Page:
This young man has rolled his stockings over the cuffs of his breeches rather than wearing them underneath – that’s a fashion from early in the century.
But though restrictive, the gentlemen’s clothes are easier to get on and off than the ladies’. They probably could strip off with relative ease if they wanted to. Evidence suggests, however, that generally they didn’t care to:
Pornographic prints from the 18th Century almost always depict the people who are having sex as at least partially clothed. But 18th Century porn is a whole new post. I can recommend
if you want to delve into that a bit deeper. If not, there is an interesting sample, very much not safe for work, here:
I haven’t gone onto wigs and powder, cosmetics, or hats, because that seems like a subject for another post too, but here is a gorgeous snippet from ‘Dangerous Liaisons’ which demonstrates the process of getting dressed in such a way as to show that the clothes themselves have a slightly pornographic appeal.
August 15, 2008
This seems to be a perennial question. Answer it once and it dies down like a dandelion only to spring up in three new places in a week’s time. People seem terribly concerned that women should do anything so strange, and they offer explanations which to me seem stranger than the fact itself.
The latest of these concerned commentators surfaced recently on the ERWA ‘Smutters’ column here: http://www.erotica-readers.com/ERA/SL/JR-Turn-ons_and_Squicks.htm
If I’m reading this correctly it seems to conclude (it’s hard to say, because the reasoning is not exactly coherent throughout) that in this author’s opinion women write m/m because they dislike women. If they did not dislike women, she seems to think, then they would naturally want to write about women. They would not want to write a genre which by its very nature excludes the possibility of a woman being one of the two main characters.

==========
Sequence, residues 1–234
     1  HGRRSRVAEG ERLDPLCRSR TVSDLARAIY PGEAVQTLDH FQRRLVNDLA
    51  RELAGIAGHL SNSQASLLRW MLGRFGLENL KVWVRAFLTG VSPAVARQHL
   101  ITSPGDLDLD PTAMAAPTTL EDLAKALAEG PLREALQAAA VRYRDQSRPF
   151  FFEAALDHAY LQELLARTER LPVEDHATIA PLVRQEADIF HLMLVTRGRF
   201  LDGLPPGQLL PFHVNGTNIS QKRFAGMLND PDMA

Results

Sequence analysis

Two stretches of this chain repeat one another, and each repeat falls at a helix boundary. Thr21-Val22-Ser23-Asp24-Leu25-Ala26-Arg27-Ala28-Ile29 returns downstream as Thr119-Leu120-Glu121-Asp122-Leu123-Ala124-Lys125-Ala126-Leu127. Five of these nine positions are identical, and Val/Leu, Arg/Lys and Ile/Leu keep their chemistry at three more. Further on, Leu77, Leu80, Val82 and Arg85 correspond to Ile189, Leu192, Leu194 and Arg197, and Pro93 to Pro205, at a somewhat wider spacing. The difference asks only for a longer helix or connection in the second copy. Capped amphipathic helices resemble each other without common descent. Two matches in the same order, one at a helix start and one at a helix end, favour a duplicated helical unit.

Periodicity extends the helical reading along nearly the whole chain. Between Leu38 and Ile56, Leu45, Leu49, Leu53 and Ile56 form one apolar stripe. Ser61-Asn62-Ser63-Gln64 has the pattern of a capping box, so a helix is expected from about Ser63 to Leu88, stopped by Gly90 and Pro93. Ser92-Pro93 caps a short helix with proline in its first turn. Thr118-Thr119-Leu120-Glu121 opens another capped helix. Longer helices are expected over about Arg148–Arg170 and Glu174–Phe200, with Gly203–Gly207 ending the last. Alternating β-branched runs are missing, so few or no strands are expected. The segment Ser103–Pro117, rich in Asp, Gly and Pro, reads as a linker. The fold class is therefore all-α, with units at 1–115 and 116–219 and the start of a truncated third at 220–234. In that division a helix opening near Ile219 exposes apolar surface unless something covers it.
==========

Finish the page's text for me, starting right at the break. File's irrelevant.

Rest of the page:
This explanation sounds quite convincing until you start asking actual m/m writers why they write what they write. Once you do that, it rapidly becomes clear that the picture is more complicated and that one size very much does not fit all.
So, here is a quick summary of the reasons I personally write m/m, and the reasons I have heard other people give for why they write it.
First of all – why shouldn’t we write m/m?
Why do some people decide to write crime when others decide to write romance? Why do some desperately want to write science fiction, and some can’t imagine doing anything other than horror? What is it that draws some authors to chick lit and some to historicals? I venture to suggest that the same mechanism is in play with the m/m genre. This is simply what some people are wired up to write.
For my part, the stories which have come into my head have been m/m stories from the moment I started writing at age 11. I didn’t choose it – it’s just been the way my mind has always worked.
Surely the question ‘but why do you write m/m of all things?’ indicates more about the questioner’s attitude than the writer’s. Is there something wrong with m/m? Something more peculiar about it than other genres? Something that needs more justification than other genres? I don’t think so.
No one asks a crime writer to become a murderer in order to write about psychopaths, or insists that science fiction writers ought to be alien lifeforms before they can write about other species. Why should a woman not be perfectly capable of, and entitled to write about men?
But still, some reasons:
There are several different reasons I’m aware of for women to want to write m/m, and I’m sure there are other reasons I’m not aware of. This is a short list off the top of my head:
1. One man is sexy, two men doubly so.